Another thing that happened here was that temporary jobs have continued to drop, and dropped this month. That suggests that many employers who brought those people on to handle their surges are looking to those people first.

As their businesses wind down or get worse, they’re taking them off their payrolls. And so we’re seeing also a drop in a very robust category, consistently over the last couple of years, in this report, and that is professional and business services.

Finding work takes longer

Lisa Lynch
Tufts University
It's almost 1 in 5 workers that are out of work, have been out of work for six months or more.

RAY SUAREZ: Mr. Challenger, you mentioned at the outset that people who are discouraged by the conditions in their own line of work sometimes decide to stop looking. Talk a little bit more about the psychology of that.

Is there a sort of individual time clock, where people just realize they're not going to be able to get a job doing what their first choice is and then return to the labor market or accept employment in other sectors? When you look at human behavior in this way, what do people do when faced with that situation?

JOHN CHALLENGER: Well, you have some tough choices, because you say, "I could go back to school. That might be an option, and I'll wait it out." We see younger people often do that.

Or you might say, "I could move to another city." If I'm in Detroit and I know the automotive business is so difficult, do I want to pick up and move my family? You might say, if you're in the mortgage business, you know, "Can I take some of my skills and move them to another industry?"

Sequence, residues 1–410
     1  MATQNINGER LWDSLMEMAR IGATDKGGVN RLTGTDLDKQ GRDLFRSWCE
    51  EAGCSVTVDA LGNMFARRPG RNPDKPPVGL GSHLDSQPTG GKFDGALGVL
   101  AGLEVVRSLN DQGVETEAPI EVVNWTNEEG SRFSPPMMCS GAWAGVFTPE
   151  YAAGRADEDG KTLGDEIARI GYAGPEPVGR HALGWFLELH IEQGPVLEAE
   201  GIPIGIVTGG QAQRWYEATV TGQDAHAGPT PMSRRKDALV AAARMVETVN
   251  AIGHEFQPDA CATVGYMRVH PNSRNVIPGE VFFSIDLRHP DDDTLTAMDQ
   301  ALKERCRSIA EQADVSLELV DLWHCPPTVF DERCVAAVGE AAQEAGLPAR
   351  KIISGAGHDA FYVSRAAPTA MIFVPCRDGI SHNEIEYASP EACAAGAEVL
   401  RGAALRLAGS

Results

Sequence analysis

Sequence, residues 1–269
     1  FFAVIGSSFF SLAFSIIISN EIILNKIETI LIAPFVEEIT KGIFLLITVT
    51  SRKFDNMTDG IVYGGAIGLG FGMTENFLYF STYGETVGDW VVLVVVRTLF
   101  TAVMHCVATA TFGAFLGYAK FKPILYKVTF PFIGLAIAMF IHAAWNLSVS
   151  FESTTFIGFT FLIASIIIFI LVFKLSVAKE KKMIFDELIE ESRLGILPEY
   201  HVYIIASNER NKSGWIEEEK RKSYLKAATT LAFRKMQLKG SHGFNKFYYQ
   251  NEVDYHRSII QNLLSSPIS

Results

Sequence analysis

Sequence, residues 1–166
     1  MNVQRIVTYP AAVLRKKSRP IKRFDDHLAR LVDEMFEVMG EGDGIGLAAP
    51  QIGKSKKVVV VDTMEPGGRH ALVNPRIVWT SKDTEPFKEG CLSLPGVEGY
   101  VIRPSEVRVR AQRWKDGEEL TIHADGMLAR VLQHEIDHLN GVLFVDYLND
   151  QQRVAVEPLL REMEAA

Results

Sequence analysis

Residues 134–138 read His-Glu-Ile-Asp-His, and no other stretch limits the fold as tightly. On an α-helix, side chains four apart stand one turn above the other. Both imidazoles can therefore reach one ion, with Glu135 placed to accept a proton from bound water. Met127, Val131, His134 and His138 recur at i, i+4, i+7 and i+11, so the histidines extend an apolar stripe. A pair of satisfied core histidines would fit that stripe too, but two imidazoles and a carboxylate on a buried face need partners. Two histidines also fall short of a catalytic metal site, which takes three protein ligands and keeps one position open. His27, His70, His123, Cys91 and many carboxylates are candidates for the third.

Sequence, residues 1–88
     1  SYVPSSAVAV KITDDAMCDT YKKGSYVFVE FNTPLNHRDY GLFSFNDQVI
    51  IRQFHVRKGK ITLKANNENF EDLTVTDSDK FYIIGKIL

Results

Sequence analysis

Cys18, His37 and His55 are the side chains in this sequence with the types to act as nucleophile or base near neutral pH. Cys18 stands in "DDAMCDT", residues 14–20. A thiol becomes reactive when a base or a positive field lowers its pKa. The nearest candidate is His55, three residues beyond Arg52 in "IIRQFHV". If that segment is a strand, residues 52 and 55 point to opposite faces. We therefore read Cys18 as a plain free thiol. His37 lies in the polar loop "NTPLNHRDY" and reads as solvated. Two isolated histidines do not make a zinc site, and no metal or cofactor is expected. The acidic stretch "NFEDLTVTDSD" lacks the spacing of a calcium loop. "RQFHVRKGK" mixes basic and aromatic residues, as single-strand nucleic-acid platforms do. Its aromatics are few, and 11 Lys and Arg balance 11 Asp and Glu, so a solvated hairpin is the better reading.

And we do see about 40 percent of people change industries. They take their skills, but they move them to a stronger area of the economy, like health care, and make that change.

But if you're in a specialized area, like some of these underwriters in the mortgage business or the funders and the closers, or you're a carpenter, you might say, "It just doesn't seem like there's right now, with the economy, at least in my are, flat on its back in construction, home building, and in lending out mortgages, maybe it would be better to wait."

It doesn't mean intellectually they say, "I know I should be looking," but the fact is sometimes you put it off because you have to go out and get rejected.

RAY SUAREZ: Professor Lynch, when you drill down into the numbers, are people taking longer to find work? Can they expect, if they lose a job, to be out of work longer?

LISA LYNCH: So when we look at the numbers, we see that the fraction of people who've been out of work for six months or more over the last couple of months has been fluctuating between 17 percent and 19 percent. So it's almost 1 in 5 workers that are out of work, have been out of work for six months or more.

So it is taking a large fraction of people who are unemployed longer to find work. But part of the reason why it's taking them also longer to find work, as John was talking about, how people are looking for work, has to do with the housing market, because individuals who might want to pick up and leave -- let's say, in the Midwest, where we've seen big decreases in manufacturing employment -- they've put their life savings into their home.